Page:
A key selling point of Facebook Ads’ advertising platform is its many targeting options. Since users voluntarily offer up information about themselves—their interests, location, job, marital status, age, and so on—Facebook is able to grant advertisers the power to create hyper-specific micro-audiences.
It was revealed in late 2017 its advertising platform was enabling age-based discrimination. In March of 2019, the U.S. Department of Housing and Urban Development (HUD) sued Facebook for facilitating housing discrimination, and violating the Fair Housing Act (FHA), since it allowed real estate advertisers the opportunity to use a number of protected categories such as race, religion, and familial status to target clients.
Where did Facebook go too far?
Many of Facebook’s advertising categories are generated using an algorithm. They use machine-learning technology to identify which criteria are most useful for advertisers. In this case, these categories were in direct conflict with historical anti-discrimination laws. For example, Facebook allowed advertisers to exclude Hispanic audiences, those who were not U.S. citizens, and Jewish people by way of identifying people who were referring to Passover. ProPublica caught wind of this phenomenon as early as 2016. However, HUD’s March 2019 lawsuit is the first time Facebook is being explicitly accused of facilitating housing discrimination.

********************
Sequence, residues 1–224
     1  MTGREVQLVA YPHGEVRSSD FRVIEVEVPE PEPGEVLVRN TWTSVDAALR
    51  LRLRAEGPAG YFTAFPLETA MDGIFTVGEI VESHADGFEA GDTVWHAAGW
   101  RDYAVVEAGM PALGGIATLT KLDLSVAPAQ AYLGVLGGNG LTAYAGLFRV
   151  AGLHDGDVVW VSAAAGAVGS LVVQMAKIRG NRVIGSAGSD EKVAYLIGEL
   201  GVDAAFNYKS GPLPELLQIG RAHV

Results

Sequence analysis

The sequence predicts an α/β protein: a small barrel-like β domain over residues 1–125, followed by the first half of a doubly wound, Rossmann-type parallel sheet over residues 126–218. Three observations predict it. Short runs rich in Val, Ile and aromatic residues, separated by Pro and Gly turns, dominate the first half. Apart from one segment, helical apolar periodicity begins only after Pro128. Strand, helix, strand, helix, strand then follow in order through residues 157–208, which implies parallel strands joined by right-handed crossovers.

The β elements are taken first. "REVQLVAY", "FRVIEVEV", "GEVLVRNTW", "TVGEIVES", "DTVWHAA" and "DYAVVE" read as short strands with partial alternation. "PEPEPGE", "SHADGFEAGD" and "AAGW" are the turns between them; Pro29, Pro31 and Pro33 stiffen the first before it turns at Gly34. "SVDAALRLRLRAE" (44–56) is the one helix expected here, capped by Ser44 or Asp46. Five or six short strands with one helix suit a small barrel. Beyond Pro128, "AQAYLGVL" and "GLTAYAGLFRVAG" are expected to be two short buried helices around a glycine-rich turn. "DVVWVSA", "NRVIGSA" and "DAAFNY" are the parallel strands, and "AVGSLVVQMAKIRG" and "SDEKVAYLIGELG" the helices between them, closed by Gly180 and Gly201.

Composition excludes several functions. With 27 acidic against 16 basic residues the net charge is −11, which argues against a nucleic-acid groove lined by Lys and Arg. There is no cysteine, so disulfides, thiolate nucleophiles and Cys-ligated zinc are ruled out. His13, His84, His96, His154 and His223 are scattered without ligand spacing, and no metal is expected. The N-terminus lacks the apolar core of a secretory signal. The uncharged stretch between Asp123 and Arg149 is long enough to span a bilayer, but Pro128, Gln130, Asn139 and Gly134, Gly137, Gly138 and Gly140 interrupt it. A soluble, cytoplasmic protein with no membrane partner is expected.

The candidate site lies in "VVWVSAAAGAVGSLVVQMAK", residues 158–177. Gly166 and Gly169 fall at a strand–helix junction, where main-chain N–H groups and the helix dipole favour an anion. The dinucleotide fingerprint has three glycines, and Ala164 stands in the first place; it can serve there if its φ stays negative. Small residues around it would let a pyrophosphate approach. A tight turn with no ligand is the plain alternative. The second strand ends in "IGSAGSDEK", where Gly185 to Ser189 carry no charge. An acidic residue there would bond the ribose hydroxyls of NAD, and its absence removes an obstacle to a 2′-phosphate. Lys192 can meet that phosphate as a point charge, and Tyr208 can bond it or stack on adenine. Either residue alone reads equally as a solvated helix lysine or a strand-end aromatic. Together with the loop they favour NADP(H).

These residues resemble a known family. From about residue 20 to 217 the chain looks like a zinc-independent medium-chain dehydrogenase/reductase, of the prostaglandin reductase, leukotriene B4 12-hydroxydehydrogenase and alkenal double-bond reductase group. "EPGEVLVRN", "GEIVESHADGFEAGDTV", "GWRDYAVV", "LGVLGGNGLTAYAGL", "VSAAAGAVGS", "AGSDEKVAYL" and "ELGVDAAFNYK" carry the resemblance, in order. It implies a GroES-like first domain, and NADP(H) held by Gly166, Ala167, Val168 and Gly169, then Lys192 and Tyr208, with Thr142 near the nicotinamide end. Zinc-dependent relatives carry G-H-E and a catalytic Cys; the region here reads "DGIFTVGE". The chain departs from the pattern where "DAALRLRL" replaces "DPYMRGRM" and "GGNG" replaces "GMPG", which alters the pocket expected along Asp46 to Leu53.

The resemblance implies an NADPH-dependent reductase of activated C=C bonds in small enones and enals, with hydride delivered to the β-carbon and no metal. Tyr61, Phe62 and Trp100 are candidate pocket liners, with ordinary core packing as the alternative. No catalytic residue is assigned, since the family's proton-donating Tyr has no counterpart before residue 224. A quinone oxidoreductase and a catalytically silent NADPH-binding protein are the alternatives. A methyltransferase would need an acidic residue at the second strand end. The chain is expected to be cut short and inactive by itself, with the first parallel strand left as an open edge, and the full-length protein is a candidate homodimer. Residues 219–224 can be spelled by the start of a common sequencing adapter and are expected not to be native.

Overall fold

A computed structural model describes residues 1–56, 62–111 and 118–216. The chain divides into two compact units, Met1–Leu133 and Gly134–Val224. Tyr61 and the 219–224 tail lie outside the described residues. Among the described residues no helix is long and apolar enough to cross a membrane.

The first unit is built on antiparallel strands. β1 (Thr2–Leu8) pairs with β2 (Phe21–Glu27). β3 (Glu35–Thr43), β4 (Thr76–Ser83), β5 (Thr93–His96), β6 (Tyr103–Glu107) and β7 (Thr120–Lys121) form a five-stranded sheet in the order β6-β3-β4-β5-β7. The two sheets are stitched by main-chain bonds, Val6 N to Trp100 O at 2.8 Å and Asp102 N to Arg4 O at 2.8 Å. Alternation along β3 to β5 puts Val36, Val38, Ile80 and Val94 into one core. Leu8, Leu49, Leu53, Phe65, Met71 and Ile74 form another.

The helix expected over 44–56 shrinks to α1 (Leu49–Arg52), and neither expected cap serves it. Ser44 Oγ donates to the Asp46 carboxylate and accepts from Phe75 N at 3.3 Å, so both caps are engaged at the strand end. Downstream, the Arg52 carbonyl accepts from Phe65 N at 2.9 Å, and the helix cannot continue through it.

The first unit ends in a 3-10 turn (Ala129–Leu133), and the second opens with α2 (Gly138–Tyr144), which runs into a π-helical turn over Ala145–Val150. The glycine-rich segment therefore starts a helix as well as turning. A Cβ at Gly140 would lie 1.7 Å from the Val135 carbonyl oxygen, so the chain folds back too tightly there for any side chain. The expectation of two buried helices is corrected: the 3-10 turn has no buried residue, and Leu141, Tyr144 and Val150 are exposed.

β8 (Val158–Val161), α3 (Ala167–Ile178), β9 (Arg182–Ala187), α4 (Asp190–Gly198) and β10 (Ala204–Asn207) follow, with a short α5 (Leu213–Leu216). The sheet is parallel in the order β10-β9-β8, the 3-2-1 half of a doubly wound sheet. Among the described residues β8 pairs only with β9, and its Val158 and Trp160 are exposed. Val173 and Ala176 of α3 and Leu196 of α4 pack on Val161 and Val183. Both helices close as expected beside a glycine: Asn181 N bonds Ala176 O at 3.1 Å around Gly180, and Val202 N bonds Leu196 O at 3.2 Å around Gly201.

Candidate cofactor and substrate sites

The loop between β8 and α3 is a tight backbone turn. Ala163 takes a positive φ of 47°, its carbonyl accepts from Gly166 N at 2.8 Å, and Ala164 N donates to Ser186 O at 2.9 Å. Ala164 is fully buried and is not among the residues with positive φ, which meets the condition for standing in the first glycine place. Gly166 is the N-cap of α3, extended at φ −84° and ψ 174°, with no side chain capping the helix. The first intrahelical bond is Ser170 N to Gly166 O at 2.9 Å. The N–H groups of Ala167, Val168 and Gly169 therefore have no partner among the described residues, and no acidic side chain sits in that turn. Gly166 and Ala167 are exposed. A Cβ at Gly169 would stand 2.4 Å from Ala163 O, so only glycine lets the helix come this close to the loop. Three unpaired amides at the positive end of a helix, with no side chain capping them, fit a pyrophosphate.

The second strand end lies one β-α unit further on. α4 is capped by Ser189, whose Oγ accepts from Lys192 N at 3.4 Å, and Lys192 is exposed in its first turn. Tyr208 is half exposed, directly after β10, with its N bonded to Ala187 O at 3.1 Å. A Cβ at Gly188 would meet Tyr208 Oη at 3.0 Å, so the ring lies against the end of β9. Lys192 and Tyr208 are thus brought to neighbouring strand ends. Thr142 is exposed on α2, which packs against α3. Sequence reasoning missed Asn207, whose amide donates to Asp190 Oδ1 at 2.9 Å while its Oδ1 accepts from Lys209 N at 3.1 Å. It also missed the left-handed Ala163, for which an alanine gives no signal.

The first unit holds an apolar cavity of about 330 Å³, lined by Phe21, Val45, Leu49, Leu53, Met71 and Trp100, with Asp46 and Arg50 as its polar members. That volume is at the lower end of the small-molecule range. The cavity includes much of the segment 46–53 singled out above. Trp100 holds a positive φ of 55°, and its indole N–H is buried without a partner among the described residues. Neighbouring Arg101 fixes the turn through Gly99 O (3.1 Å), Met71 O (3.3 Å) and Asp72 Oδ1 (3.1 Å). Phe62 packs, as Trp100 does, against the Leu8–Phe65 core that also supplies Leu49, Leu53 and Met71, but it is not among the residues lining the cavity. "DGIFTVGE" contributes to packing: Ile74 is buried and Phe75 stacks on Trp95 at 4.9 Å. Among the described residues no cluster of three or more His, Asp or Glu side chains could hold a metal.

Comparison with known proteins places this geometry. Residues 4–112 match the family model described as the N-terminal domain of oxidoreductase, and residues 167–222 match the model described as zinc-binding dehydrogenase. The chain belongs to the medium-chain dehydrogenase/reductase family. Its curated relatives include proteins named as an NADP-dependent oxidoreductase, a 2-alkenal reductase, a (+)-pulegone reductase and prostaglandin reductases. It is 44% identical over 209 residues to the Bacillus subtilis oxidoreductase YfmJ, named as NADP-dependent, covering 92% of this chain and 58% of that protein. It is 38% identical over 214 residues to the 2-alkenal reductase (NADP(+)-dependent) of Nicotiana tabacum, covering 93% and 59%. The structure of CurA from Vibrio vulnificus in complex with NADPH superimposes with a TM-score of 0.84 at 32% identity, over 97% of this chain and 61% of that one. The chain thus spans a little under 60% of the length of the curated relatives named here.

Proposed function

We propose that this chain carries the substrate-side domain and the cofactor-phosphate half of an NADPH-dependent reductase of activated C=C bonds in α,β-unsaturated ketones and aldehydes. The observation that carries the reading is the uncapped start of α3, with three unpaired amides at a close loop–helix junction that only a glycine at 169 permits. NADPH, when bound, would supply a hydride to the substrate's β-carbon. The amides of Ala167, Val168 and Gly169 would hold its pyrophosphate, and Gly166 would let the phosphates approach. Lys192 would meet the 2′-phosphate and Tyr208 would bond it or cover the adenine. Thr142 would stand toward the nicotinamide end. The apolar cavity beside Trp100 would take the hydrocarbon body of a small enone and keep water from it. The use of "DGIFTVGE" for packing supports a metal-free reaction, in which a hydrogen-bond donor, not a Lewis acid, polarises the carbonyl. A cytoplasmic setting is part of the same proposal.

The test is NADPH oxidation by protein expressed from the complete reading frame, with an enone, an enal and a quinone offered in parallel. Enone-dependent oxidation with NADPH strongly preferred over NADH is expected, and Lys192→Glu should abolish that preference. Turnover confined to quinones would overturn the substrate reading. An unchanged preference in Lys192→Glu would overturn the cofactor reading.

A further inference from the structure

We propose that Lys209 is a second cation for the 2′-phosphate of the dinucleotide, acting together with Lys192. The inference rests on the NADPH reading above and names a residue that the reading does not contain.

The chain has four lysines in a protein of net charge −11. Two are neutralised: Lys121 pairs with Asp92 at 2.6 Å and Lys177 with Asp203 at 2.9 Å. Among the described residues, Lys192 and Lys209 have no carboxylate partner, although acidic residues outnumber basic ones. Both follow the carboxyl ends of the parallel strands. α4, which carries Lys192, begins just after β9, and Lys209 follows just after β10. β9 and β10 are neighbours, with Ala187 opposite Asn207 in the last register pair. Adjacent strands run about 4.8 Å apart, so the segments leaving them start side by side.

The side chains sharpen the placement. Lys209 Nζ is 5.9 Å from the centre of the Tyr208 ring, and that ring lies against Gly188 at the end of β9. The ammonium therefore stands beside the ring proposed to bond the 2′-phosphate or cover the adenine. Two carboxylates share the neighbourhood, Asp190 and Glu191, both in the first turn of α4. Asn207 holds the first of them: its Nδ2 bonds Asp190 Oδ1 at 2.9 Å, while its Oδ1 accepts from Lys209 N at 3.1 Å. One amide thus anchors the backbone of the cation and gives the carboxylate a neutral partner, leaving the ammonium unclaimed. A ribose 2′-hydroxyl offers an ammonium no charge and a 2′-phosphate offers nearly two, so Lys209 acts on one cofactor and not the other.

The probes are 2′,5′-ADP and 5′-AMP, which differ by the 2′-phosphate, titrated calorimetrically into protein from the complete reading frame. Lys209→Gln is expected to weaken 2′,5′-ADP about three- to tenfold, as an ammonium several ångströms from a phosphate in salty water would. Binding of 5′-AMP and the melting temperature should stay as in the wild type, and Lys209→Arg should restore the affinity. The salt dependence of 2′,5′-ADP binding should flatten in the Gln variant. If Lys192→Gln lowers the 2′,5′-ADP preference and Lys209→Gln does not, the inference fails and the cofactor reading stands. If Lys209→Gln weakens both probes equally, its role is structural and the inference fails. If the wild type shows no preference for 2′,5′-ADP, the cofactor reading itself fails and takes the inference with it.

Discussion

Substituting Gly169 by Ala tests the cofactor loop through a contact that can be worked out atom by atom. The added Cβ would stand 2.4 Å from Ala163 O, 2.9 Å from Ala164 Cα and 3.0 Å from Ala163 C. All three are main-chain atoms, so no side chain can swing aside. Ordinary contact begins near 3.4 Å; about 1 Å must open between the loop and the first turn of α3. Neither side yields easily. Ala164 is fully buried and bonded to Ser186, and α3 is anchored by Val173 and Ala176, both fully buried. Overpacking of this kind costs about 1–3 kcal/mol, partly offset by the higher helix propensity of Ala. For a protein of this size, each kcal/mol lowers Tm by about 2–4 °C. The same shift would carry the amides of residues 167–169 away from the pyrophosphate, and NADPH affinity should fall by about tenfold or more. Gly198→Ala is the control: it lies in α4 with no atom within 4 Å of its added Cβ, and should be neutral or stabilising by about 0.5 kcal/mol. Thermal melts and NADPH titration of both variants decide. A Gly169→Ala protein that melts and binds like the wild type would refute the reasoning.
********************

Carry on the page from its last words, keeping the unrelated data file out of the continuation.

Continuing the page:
How did they respond?
Facebook has been swift to respond to HUD’s accusations, removing approximately 5,000 targeting options for audiences that were enabling discriminatory advertising practices. But, it seems unlikely that they’ve addressed the underlying cause. These categories were generated automatically and made available to advertisers without direct human oversight. Facebook also announced that it would disallow companies from targeting audiences based on housing status, employment status, age, gender, and location. Despite removing the categories, many social justice organizations, most notably the ACLU, have pursued legal action against Facebook. The accusations are damning; HUD’s complaint likens the Facebook Ad platform to notable instances of historical housing discrimination such as redlining, with HUD Secretary Ben Carson describing how “using a computer to limit a person’s housing choices can be just as discriminatory as slamming a door in someone’s face”. Chances are that these lawsuits will be settled in civil court, and result in Facebook paying heavy fines for violations and damages, since HUD is seeking the maximum penalty.
What should I do?
While the lawsuit is clear in accusing Facebook of facilitating the housing discrimination, the biggest outstanding question for real estate professionals will be how the landlords, lenders, and real estate agents who took advantage of the platform will be held culpable. As of now, there is no sign that they will be further prosecution of those who took advantage of the platform. That’s not to say that Facebook won’t be pressured to crack down on these advertisers on its own.
Facebook’s re-targeting options can be a great asset to real estate professionals, but it’s important to use them ethically. Don’t violate the historic legislation that seeks to protect at-risk communities from housing discrimination. Protect yourself, your business, and your clients, by staying informed about the laws so you can advertise ethically and responsibly on media platforms.